The principal objective in the development of ODE was to create a reliable, compact, and embedable component capable of managing the execution of long-running business processes defined using the BPEL process description language. The focus has been on developing small modules with minimal dependencies that could be assembled (and easily reassembled) to construct a full featured BPMS. The key components of the ODE architecture include the ODE BPEL Compiler, ODE BPEL Engine Runtime, ODE Data Access Objects (DAOs), ODE Integration Layers (ILs), and user tooling... The BPEL compiler is responsible for the conversion of the source BPEL artifacts (i.e. BPEL process documents, WSDLs, and schemas) into a compiled representation suitable for execution. The output of the compiler is either a "good" compiled representation, or a list of error messages indicating problems with the source artefacts... The runtime handles the dirty work of process execution by providing implementations of the various BPEL constructs. The runtime also implements the logic necessary to determine when a new instance should be created, and to which instance an incoming message should be delivered. Finally, the runtime implements the Process Management API that is used by user tooling to interact with the engine..."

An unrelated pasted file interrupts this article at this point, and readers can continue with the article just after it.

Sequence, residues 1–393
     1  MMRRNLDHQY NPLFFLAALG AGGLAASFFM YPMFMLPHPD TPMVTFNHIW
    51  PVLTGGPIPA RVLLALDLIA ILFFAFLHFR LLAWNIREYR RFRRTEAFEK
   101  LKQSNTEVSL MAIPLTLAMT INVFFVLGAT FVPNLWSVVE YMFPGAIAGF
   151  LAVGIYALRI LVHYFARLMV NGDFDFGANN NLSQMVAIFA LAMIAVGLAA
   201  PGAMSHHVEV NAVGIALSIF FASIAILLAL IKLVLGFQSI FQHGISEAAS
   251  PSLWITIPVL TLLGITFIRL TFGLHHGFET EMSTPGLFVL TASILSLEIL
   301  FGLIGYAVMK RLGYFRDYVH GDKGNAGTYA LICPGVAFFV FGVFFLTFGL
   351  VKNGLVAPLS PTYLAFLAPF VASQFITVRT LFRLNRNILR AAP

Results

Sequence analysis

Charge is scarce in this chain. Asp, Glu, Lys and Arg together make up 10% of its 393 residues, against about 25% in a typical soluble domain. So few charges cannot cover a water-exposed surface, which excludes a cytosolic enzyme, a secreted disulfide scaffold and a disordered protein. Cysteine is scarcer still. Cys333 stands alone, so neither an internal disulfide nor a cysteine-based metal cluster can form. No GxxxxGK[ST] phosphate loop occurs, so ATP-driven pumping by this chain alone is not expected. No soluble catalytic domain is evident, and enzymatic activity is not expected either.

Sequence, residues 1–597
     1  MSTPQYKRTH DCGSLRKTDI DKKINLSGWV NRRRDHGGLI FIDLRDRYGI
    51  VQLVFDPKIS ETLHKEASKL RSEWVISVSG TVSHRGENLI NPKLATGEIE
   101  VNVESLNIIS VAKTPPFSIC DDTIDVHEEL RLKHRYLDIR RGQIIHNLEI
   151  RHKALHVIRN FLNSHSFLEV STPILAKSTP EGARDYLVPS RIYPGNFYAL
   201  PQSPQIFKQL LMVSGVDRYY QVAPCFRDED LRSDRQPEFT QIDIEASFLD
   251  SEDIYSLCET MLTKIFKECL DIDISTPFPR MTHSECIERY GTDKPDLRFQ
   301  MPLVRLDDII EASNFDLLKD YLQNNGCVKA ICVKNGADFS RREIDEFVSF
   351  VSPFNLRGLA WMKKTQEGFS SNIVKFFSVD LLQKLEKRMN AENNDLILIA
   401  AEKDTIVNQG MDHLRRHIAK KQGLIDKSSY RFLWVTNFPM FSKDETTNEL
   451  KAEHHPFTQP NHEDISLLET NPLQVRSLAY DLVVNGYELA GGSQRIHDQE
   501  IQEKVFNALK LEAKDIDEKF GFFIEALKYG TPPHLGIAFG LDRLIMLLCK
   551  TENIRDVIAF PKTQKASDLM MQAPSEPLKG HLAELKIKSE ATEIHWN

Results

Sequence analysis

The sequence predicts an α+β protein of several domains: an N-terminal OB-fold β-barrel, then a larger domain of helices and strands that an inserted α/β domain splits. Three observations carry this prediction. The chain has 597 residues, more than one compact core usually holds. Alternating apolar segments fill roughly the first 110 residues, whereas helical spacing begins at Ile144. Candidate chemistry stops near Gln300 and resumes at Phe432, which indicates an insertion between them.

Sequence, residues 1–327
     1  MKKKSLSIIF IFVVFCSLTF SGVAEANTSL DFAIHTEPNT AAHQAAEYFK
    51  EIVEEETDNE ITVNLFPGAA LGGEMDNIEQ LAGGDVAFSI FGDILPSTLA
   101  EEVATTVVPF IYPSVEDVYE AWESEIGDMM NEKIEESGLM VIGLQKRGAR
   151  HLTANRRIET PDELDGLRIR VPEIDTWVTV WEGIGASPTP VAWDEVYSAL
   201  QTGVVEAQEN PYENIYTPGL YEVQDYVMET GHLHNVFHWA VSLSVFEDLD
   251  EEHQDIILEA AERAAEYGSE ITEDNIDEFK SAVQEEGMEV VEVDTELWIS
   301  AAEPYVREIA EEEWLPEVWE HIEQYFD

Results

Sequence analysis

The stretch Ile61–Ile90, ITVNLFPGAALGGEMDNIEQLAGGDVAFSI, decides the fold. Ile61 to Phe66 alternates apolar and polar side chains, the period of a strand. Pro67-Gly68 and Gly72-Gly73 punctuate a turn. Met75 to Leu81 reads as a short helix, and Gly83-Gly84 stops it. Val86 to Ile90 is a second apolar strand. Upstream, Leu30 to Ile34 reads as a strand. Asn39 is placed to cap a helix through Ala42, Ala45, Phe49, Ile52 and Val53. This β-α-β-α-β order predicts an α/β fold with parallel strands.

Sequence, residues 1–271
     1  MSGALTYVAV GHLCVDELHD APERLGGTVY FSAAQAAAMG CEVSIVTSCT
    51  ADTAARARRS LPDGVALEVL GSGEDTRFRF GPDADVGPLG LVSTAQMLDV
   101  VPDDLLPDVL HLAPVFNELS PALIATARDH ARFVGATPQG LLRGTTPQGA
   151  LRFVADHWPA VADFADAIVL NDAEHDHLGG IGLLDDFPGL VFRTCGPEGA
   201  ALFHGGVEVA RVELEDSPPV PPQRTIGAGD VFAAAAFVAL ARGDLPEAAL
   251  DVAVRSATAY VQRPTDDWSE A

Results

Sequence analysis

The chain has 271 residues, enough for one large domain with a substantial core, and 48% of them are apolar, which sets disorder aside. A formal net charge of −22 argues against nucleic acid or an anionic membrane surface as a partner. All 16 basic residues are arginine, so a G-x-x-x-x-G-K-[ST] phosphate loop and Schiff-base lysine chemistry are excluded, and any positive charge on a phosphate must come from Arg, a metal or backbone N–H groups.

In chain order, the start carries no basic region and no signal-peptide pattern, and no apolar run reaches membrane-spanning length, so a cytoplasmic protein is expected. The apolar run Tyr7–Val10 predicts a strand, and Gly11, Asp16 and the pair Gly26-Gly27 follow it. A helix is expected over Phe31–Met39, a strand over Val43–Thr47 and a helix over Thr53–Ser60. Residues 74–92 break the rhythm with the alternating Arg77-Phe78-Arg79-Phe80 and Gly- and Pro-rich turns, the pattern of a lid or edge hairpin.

See also: the OASIS WS-BPEL Extension for People (BPEL4People) TC

Dynamic Host Configuration Protocol Options for Coordinate-Based Location Configuration Information
James Polk, John Schnizlein, Marc Linsner (et al., eds) IETF Internet Draft

Members of the IETF Geographic Location/Privacy (GEOPRIV) Working Group have published a revised draft of the Standards Track specification Dynamic Host Configuration Protocol Options for Coordinate-Based Location Configuration Information. If approved, this IETF specification will obsolete IETF RFC #3825, published in July 2004.